Worth A Look: 62.34%
Pretty Bad: 2.6%
Total Crap: 0%
7 reviews, 35 user ratings
by Doug Bentin
There’s a new horror/comedy slithering into town, and yes, I am ashamed of that joke. It’s a little too Gene Shalit for my taste, but no one’s perfect.“I will try to terrorize the reader. But if I find I cannot terrify him/her, I will try to horrify; and if I find I cannot horrify, I’ll go for the gross-out. I’m not proud.”
"Ick. And I mean that in a good way."
But in the case of the new horror/comedy “Slither,” we’re not talking about the kind of gross-out King had in mind. That’s the bleeech gross-out that has you hurling into your popcorn bag and hastening to the exit. No, writer/director James Gunn (“Tromeo and Juliet,” “Scooby-Doo,” “Dawn of the Dead”) aims for the ewww gross-out, the kind that goes beyond realism and into the land of burlesque violence. You know it’s all a joke, even if you don’t think that kind of thing is funny.
Come on, Gunn was introduced to filmmaking by working with Lloyd Kaufman at Troma, a company that is known neither for subtlety nor for taking itself seriously. He even samples a moment from Troma’s goofy “The Toxic Avenger” in “Slither.”
Nathan Fillion (“Serenity”) is Bill Pardy, town police chief. Elizabeth Banks (“The 40-Year Old Virgin”) is Starla, who is married to Grant Grant (Michael Rooker, “Henry: Portrait of a Serial Killer”), the richest man in this small, rural town. Bill has been carrying a torch for Starla so long, he’s starting to look like the Statue of Liberty.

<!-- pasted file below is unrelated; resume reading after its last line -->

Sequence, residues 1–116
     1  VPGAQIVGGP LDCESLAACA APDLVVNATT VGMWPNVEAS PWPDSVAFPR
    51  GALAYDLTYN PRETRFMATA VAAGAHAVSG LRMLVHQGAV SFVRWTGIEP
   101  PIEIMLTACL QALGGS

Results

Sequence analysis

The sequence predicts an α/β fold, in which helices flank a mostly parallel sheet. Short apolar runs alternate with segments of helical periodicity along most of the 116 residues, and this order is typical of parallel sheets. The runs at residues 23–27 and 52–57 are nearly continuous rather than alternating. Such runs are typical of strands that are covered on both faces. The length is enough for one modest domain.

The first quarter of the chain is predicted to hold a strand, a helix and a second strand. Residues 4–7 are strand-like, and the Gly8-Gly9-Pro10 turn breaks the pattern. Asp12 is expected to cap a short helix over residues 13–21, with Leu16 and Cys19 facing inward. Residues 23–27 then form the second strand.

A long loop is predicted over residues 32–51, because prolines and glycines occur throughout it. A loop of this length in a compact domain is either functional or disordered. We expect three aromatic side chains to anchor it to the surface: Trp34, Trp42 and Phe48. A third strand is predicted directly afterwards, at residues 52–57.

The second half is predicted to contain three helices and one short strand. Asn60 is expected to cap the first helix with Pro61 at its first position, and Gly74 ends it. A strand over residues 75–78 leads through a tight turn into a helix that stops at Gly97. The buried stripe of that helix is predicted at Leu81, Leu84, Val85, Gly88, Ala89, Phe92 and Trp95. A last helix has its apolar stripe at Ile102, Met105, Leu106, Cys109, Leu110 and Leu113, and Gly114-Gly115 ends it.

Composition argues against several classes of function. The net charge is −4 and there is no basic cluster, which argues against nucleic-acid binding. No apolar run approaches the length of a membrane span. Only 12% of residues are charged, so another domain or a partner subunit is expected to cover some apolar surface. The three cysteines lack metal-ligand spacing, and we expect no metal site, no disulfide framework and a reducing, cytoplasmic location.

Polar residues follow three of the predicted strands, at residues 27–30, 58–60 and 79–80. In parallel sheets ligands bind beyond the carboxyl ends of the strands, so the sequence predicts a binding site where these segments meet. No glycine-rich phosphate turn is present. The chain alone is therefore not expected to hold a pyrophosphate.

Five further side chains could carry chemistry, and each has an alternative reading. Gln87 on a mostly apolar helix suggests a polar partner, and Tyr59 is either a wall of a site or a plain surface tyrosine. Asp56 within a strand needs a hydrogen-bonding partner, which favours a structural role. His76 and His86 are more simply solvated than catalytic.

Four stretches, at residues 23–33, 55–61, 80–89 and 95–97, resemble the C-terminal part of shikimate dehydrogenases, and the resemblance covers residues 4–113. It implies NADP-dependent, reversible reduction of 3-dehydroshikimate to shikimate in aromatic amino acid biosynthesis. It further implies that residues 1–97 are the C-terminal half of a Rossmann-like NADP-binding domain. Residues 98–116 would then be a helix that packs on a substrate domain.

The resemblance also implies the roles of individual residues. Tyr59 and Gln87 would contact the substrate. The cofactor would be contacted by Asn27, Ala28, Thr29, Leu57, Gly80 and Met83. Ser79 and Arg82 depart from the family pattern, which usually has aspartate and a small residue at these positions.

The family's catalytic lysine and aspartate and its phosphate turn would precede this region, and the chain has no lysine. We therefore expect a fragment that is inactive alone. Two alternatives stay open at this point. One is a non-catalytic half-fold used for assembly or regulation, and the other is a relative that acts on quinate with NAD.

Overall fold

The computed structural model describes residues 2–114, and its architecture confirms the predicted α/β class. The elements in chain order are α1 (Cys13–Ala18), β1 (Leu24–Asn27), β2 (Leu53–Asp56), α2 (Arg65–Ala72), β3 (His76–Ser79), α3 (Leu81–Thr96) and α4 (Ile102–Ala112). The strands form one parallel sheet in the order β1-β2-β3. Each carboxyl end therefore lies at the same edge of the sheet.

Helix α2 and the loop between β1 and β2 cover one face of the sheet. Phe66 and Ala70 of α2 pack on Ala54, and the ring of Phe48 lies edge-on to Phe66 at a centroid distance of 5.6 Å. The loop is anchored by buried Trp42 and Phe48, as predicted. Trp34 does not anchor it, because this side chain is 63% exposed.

So one night a meteorite crashes into the woods and something crawls out, kind of like the “meteor shit” from “Creepshow,” only mobile. Turns out to be a glandular slug from outer space that takes over Grant’s body by leaping into his mouth and slithering down his throat. Hmmm, being force-fed something nasty that then turns you into a non-thinking automaton. Sound to you like any presidents we know?
He then turns Brenda (Brenda James), the woman with whom he was playing slap and tickle, all “womby” by injecting space slug semen into her stomach. She gives birth to zillions of new slugs and they all go out in search of humans to inhabit. I guess this town is too small even for an Orkin man.
You may be thinking about now, “Wait a minute . . . haven’t I seen something like this several hundred times already?” Sure you have. But that old Troma spirit, even when wrapped up in a moderately expensive film from Universal, is always more wink-wink, nudge-nudge than anything else.
Some of you will be frightened by Gunn’s pop-ups and disturbed by his no-holds-barred imagery, but this is really intended for fans of such films as “Evil Dead 2,” “Night of the Creeps,” “Shaun of the Dead,” and the masterful “Return of the Living Dead.” For those of you who would rather be found dead in a ditch than watch movies like that, well, “Failure to Launch” is still playing in the small auditorium.
The cast is having fun, and allowing you to have some, too. Writer/director James Gunn knows his cheesy horror/comedies and manages to reference several of them. One shot of zombie-like humans stumbling down a hill should have the trademark symbol with George Romero’s name on it.
This is Gunn’s first feature as director and he has a good grasp of what he wants to do. He builds tension nicely and he allows his actors, including also in key roles Jack MacReady and Tania Saulnier, to not-quite over-do the cliché elements in their characters. Speaking of actors, pay attention when Starla discusses Grant’s changing condition with the doctor over the phone. The doctor’s voice belongs to Rob Zombie.
“Slither” is fun, in its way, and ironic and smart.
And gross. Did I mention gross?There isn’t any nudity, that, apparently, being one horror cliché Gunn couldn’t get his mostly gung ho actresses to duplicate.
link directly to this review at http://www.efilmcritic.com/review.php?movie=13976&reviewer=405
originally posted: 04/13/06 06:45:17
|OFFICIAL SELECTION: 2006 South By Southwest Film Festival For more in the 2006 South By Southwest Film Festival series, click here.